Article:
3.2 Text and Transparency
1.Introduction2 lessons, 05:16
2.Drawing and Animation4 lessons, 29:33
3.User Interaction2 lessons, 11:19
4.Conclusion1 lesson, 01:35
3.2 Text and Transparency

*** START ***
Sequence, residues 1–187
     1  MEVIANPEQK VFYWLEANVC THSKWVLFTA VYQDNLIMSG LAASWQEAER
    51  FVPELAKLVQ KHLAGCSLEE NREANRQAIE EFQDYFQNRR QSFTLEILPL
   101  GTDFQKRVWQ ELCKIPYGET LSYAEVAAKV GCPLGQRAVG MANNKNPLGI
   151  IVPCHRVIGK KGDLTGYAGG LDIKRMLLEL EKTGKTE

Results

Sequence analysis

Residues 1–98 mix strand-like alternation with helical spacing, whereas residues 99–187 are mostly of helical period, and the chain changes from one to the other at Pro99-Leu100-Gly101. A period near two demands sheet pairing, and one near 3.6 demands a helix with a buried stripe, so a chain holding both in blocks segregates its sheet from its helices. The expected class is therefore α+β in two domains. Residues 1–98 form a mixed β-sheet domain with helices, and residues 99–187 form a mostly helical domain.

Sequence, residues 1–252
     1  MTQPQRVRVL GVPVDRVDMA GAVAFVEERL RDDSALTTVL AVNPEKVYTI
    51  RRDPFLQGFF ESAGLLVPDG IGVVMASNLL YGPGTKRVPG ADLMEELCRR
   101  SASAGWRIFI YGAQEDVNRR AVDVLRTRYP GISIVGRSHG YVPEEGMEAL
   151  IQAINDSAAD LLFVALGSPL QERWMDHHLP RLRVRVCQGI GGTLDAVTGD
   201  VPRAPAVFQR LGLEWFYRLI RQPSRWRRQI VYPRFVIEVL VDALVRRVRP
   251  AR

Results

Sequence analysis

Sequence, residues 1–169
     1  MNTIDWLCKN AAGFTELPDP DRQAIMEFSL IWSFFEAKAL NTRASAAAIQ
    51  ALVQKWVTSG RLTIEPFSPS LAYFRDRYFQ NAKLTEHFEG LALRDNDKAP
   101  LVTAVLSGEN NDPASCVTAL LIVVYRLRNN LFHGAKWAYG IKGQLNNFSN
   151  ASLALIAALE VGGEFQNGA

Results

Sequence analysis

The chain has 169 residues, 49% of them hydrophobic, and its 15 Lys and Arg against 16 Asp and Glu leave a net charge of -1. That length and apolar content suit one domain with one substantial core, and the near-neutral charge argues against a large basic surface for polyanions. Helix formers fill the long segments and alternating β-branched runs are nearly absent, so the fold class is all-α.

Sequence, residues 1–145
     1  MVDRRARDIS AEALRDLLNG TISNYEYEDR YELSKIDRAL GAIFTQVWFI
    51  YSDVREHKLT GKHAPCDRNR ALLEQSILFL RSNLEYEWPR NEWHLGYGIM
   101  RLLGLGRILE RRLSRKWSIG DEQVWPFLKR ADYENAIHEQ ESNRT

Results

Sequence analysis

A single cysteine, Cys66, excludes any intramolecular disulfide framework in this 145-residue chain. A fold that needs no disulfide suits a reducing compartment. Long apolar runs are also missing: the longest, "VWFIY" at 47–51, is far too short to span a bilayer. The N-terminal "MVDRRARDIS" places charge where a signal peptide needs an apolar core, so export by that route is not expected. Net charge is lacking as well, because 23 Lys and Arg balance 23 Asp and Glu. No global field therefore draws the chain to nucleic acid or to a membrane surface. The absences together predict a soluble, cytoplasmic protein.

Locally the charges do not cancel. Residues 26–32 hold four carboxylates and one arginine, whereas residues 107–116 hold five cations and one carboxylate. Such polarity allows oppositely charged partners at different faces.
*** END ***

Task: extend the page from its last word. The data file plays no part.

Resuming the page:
Now that can detect when a bubble has been clicked on, we need to decide how we best represent them being popped. First things first, the bubbles should probably disappear. So what's the easiest way to make a bubble disappear? Well, by not drawing it in the first place. Let's wrap an f statement around the cord which draws the bubble. We'll say if the bubble has been popped then do nothing. Else, draw the bubble as usual. Let's have a look. Excellent. The bubbles are now not joined when I click them. Now why don't we try something more interesting? Why not have the word pop appear when the bubble has been clicked on? One of the great benefits of P5 is that it allows us to draw text onto a canvas as well as shapes. Inside our f statement we'll want text appear if the bubble has been popped. So in here. First we want to set the size of our text which we do by saying text size 24. Where 24 is the font size in pixels. We want our text to be centered or justified meaning the text will be placed directly in the center of where we chose. We use the p five constant center and in upper case here. Let's make the text black. And finally, we need to specify what the text should say and where it should be displayed. We do this by saying text, then the string we want to display. Let's make that pop with a couple of asterisks. And we want it to appear in the center of the bubble which we know is bubble.x and bubble.y. But remember as always bubble.y needs a subset otherwise the text will be stuck down in the bottom off screen. Okay, let's have a look in the browser. Pop, pop, okay that's pretty good, but it's not great. As we know of the word pop being joined constantly. A neat little thing to do would be to have that text gradually fade out and disappear. We do this with opacity. Opacity is basically how see through something is. If our text is at an opacity of one, it would mean that you couldn't see through it. It would be completely opaque. if you had done an opacity of zero on the other hand, then it would be completely see through. You wouldn't even see the text. So what we want to do is gradually change the opacity from one to zero over the course of a couple of seconds. To keep track of our opacities let's add a text to opacity attribute to our bubble object. We'll set it to be completely opaque to begin with. Then in our draw function, we'll want to use this opacity in our text. We do this by instead of specifying a solid color for a full color, in this case black. We use the RGBA equivalent. RGBA is a way of representing colors not by name but by the amount of red, green, and blue the color has in it. Black has no red, green, or blue in it, so we say rgba 0, 0, 0. Then the fourth argument here is the alpha channel which represents capacity. So we need to concatenate our text opacity to the string and put it here. So now our text is using our opacity, all we need to do now is decrease the level of opacity over time. That means that in each draw loop we'll just take a small amount off the opacity. We'll do this after the text has been drawn. So that the next time the loop comes around the value will be a little bit less. Let's write, bubble.textopacity = bubble.textopacity minus 0.01. This will keep going until opacity will be zero, and you can't see it anymore. Let's save then, and have a look. Okay, so this is weird. When we pop a bubble it seems to fade out quickly. But then reappears all white. Why is this happening? Well it's because when we take a small amount off that opacity each time it eventually gets down to zero and disappears. But then it keeps going, passing zero into negative values. And once it hits a negative value P5 isn't sure what to do. So it ends up getting split again. To fix this we'll write a simple catch. We'll say if the bubble.textOpacity > 0.01 then keep decreasing the opacity. If it's not, simply set the opacity to zero. This means that we will never get a negative capacity and therefore detects should fade correctly. Let's have another look. Works perfectly and looks pretty good too I think. We've covered a lot in this course so let's wrap things up.